We all have that one time or place that changed our lives for the better, and if the walls of the Myall Park Hall could talk, they would have much to say on romances, fun and maybe even a bit of mischief carried out underneath their supervision.
Myall Park Hall, now located at Griffith’s Pioneer Park, holds a special place in the memories of three MIA women in particular: Patricia Toscan, Jennifer O’Donnell-Priest and Beryl Marcus, who all share their memories and special connections to the building.
Watch them share their stories in the video below:
For Beryl Marcus, the Myall Park Hall set the precedent for her married life, after meeting her husband Dave Marcus at a dance in 1947.
“It was all very romantic,” Ms Marcus said.
“He was MCing and I thought he was a very important person in charge of everything. I thought he was a nice guy, so I set my cap at him I’m afraid, and I always say I wooed him, he didn’t woo me. He’d just laugh.”
Myall Park Hall seemed to be the place to go to meet you significant other, with Jennifer O’Donnell-Priest discovering an unexpected connection to the Hall when she went to get married at Pioneer Park, before her current employment there as Business and Administration Coordinator.
“When I got married, one of my aunties pointed out to me that it was in actual fact the same hall where my mother and father met at a social dance after the Second World War,” Mrs O’Donnell-Priest said.
“I had heard the stories from mum that she met dad at a dance, so it’s a beautiful connection. We picked it as a wedding venue because of the ambiance, and the rural rustic feel, and finding this out just tied it all in together.”
The community at Myall Park went to the hall for all kinds of special events, such as weddings, bucks parties, school concerts, card nights and many others, but for Mrs Marcus as well as Mrs Toscan, Christmas times were especially memorable.
“One of my favorite memories, we used to have our Christmas party at the end of the year, with a Christmas play and we would all have a part,” Mrs Toscan said.
“We would then have our Christmas tree, and out parents would bring food which we would all share at the end of the night. I could always remember there would be a humongous Christmas tree at the end of the hall which us kids would decorate it with decorations made in our class.
“We would all get so excited waiting for Santa Claus, as we were told Santa Claus would fly in, so we would all race outside looking to see if we could see him.”
Ms Marcus remembered one special Christmas time, where community spirit really shone.
“We had a Christmas tree one year, and I remember one particular family came, and they were very poor. The lady had three little boys and her husband. We asked her to come to the Christmas tree, but she didn’t know that she had to bring presents for her kids,” Ms Marcus said.
“There was a great scattering when everyone trying to find presents for these three little boys. I think Patricia’s mother had a spare present just in case, so we managed to get them all Christmas presents. It was lovely.”
Moves to make a meeting place for the Myall Park residents were first made in 1934, with a request from the Climatised Parents and Citizens Association for a recreation reserve of 10 acres. In 1936 a local builder built the hall using timber clad in ripple iron.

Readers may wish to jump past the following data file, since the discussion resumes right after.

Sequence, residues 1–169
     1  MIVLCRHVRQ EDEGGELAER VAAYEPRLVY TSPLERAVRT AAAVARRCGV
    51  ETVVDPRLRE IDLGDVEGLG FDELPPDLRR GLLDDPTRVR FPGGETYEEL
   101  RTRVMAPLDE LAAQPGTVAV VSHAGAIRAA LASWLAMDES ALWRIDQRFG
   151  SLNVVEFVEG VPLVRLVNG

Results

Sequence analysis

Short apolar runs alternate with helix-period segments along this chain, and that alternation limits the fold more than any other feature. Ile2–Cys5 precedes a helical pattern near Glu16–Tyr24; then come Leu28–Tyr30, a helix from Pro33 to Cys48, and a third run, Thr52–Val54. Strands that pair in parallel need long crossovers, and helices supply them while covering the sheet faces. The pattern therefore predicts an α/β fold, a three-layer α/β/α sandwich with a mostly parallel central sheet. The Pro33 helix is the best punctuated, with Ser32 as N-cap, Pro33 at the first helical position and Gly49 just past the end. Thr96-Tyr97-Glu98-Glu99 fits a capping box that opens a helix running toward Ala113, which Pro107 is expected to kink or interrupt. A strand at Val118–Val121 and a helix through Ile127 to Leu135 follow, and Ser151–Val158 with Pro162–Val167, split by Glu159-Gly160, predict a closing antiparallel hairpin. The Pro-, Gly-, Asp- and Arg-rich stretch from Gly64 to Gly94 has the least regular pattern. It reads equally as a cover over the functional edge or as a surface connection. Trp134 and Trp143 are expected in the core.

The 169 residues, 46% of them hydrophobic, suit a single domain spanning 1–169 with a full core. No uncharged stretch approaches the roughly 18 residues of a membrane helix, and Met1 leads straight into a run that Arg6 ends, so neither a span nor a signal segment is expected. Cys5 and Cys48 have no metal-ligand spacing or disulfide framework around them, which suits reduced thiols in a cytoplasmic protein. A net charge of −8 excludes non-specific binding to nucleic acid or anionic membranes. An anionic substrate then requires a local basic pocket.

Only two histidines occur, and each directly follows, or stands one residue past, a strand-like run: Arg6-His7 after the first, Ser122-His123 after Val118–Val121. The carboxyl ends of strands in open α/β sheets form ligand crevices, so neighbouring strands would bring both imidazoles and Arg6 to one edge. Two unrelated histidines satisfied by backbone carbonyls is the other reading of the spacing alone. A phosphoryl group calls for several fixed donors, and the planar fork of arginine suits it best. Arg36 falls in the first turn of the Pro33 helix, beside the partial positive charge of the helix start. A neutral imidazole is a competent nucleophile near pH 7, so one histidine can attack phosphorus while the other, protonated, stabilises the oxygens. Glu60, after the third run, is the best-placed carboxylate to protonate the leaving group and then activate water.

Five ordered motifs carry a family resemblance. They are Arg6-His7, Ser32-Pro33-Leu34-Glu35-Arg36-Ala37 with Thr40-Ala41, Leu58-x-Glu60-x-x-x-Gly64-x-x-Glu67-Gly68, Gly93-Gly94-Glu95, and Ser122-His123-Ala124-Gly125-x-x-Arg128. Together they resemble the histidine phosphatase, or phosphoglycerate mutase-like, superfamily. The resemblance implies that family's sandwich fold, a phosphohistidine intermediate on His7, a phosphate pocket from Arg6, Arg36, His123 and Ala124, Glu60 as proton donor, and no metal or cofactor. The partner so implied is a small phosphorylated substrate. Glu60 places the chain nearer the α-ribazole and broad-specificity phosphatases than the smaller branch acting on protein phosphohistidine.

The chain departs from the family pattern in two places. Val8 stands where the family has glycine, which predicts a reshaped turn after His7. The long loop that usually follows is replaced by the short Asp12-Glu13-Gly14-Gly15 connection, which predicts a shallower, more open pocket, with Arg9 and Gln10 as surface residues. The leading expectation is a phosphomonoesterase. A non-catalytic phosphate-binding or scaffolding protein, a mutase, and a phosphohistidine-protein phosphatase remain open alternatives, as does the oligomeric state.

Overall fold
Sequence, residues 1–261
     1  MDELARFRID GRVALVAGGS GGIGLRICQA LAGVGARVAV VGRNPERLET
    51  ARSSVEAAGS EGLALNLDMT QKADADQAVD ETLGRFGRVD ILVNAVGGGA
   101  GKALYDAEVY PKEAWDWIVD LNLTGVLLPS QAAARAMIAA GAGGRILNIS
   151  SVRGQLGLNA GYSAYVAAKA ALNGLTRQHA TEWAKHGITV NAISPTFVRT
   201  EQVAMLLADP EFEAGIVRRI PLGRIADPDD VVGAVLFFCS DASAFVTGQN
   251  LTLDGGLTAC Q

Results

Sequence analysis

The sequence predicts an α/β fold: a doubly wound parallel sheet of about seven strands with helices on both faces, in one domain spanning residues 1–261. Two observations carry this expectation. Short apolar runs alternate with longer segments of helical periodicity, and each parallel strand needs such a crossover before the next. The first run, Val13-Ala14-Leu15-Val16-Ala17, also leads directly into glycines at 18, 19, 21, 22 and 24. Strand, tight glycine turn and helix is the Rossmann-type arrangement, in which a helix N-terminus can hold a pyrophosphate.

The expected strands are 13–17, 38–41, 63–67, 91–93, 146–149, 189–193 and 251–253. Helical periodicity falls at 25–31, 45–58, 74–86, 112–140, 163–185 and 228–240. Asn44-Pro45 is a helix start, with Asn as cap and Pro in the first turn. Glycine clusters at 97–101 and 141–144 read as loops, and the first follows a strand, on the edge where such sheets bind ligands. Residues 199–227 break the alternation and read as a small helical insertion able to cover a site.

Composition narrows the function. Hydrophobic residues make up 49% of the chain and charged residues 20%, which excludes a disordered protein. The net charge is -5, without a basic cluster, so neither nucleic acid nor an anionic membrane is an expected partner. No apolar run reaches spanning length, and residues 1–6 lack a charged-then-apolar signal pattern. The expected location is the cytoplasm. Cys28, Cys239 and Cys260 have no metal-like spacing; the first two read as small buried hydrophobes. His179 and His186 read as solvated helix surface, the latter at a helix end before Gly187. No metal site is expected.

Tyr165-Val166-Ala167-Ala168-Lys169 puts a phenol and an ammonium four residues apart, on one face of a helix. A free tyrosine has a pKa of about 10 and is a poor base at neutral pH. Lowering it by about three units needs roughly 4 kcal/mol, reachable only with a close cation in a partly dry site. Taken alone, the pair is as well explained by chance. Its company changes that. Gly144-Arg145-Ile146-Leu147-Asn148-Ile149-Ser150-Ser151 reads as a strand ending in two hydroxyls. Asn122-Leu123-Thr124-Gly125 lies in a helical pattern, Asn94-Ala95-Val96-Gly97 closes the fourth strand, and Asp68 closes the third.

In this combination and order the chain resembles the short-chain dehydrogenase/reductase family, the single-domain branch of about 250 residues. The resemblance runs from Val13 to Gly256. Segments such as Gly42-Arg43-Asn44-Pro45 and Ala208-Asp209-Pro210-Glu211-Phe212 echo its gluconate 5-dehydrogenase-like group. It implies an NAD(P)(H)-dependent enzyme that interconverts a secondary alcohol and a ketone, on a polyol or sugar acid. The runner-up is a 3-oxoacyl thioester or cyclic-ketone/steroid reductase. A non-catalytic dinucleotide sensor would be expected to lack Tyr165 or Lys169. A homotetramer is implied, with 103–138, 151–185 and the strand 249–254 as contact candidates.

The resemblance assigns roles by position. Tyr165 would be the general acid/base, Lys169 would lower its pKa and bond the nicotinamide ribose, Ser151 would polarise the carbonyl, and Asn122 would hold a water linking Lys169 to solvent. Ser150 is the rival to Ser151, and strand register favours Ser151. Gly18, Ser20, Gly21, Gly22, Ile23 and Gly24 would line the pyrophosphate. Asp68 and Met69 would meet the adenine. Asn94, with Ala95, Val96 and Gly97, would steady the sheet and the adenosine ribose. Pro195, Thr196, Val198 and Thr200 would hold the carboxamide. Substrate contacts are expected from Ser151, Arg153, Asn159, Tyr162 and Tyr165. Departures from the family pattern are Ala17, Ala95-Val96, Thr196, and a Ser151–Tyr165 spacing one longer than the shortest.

It was paid for with local fundraising efforts, an apparently a retrospective loan from the Rural Bank in 1939, and further years of fundraising to repay the loan, including monthly functions in the Hall, a gymkhana, card evenings and street stalls.
“I celebrated my ninetieth birthday at Myall Park Hall last November, and it was lovely to be able to say that my father started Pioneer Park in Griffith, and that I met my husband in this very hall in 1947.”Beryl Marcus.
Tennis courts were added later, and in the 1940’s a supper room was attached, made possible with further voluntary labour, donations and fundraising efforts.
By the 1970’s, however, time and vandalism were taking their toll on the Myall Park Hall.
Rather than see the hall decline, the Myall Park trustees decided to extend it’s life by donating it to Myall Park in 1976, as well as holding a reunion and hall re-opening ceremony.
Mrs Marcus’ father was the one who started Pioneer Park, and was the one who negotiated having the Hall moved to Pioneer Park in Griffith.
“I celebrated my ninetieth birthday at Myall Park Hall last November, and it was lovely to be able to say that my father started Pioneer Park in Griffith, and that I met my husband in this very hall in 1947,” Mrs Marcus said.
The appearance of the Hall was changed radically with the addition of new timber cladding and verandahs, but the citizens of Myall Park at the tie said they were happy that it’s spirit and name would live on in a new community function.
And live on it has, with the hall still taking bookings for functions and events at Pioneer Park.
“It’s hired out almost every second weekend, with weddings, 21st parties functions, engagements, and people take advantage of the atmosphere and history of the building,” Mrs O’Donnell-Priest said.
The hall now has full catering facilities with toilets nearby, and has heating and cooling, a modern kitchen as well as an outdoor barbecue facilities.
“Now we are all grandparents, and you remember your parents back then, and even going back to when my grandparents moved out to Myall Park, they had a close connection to the area too because they were all early pioneers,” Mrs Toscan said.
“Seeing it here in Pioneer Park brings back all of those memories, memories of when we grew up.”